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Physics Department Colloquium
Date: 9/18/2014    Time: 15:00
Location: 7th Floor Keen Building
Special Note: Welcome Party!
 
 
Physics student earns life-changing fellowship.

Physics student earns life-changing fellowship.

Physics and math undergraduate Kelly Ann Pawlak was awarded a prestigious three-year scholarship that proves 'life changing.'

Velma Gets a Face Lift

Welcome to the new, improved Physics Building... But we aren't there yet.

The HVAC will be upgraded soon, and there are even rumors of a new and wonderful courtyard with  trees, benches and trellises covered with confederate jasmine for you to walk through and have inspirational deep thoughts about quantum mechanics and electron-electron interactions.

But I am sure you are wondering... Velma?  You see him every day you come into the 1st floor lobby.  Here is the scoop:

Keen was one of the founders of the Southern Interstate Nuclear Compact in 1959, a voluntary agreement established by the 16-state Southern Governors' Conference to "provide the means for cooperation with each other in fostering the development of the region by taking full advantage of nuclear energy." On March 19, 1966, to honor his work in nuclear energy development, the James Velma Keen Physics Building was dedicated on the FSU campus. A portrait of Keen was unveiled in the building on December 8, 1967.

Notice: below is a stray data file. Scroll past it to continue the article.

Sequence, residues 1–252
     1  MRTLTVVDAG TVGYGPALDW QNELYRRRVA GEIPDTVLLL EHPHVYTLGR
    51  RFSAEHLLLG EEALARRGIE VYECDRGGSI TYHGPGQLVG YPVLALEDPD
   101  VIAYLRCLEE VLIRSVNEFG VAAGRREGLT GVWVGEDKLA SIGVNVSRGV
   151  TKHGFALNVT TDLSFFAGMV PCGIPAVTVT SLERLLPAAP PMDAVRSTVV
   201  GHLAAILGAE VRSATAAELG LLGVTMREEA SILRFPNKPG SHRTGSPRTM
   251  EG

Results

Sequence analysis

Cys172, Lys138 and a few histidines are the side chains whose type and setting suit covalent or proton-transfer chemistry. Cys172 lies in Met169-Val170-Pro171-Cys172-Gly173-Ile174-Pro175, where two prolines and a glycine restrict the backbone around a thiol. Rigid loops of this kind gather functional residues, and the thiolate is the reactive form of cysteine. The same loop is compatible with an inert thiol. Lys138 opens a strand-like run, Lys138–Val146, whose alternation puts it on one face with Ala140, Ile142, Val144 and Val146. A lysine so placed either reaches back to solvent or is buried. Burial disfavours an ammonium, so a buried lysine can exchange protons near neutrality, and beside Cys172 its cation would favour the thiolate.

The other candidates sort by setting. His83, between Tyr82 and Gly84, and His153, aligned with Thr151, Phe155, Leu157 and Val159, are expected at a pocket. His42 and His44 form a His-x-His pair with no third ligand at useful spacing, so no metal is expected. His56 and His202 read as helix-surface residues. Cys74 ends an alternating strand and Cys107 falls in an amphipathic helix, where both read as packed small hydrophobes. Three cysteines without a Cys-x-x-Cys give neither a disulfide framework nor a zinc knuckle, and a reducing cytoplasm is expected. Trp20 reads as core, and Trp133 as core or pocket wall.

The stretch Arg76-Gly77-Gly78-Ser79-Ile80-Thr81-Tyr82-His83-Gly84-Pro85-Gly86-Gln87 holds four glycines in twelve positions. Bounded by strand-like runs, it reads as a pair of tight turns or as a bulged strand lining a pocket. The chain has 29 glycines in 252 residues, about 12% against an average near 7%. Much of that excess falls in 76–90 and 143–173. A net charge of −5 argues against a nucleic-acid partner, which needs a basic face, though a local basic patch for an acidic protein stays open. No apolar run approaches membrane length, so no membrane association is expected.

Going back in time, yes this is the South and there was Coca-Cola:

James Velma Keen was born in Dublin, Georgia on August 23, 1899 and moved to River Junction, Gadsden County, FL with his parents in 1902, then to Marianna, FL in 1913. His father, James Henry Keen, began the first Coca-Cola bottling plant in North Florida in River Junction in 1907, and the plant operated continuously until 1954, when it merged with the Coca-Cola bottling plant in Marianna, begun in 1913. For the Marianna operation, Keen's father organized a corporation known as Purity Bottling Works. In 1924, the Purity Bottling Works name was changed to the Marianna Coca-Cola Bottling Company. Upon James Henry Keen' death in 1942, his son, Charlton Keen, became president, secretary, and manager of this plant, and operated it until he died in 1957, when James Velma Keen became its president and director. He died in March, 1963.

Click on Velma for more.    Catch you soon - the fall semester looms! 

J. Brooks, July  24, 2014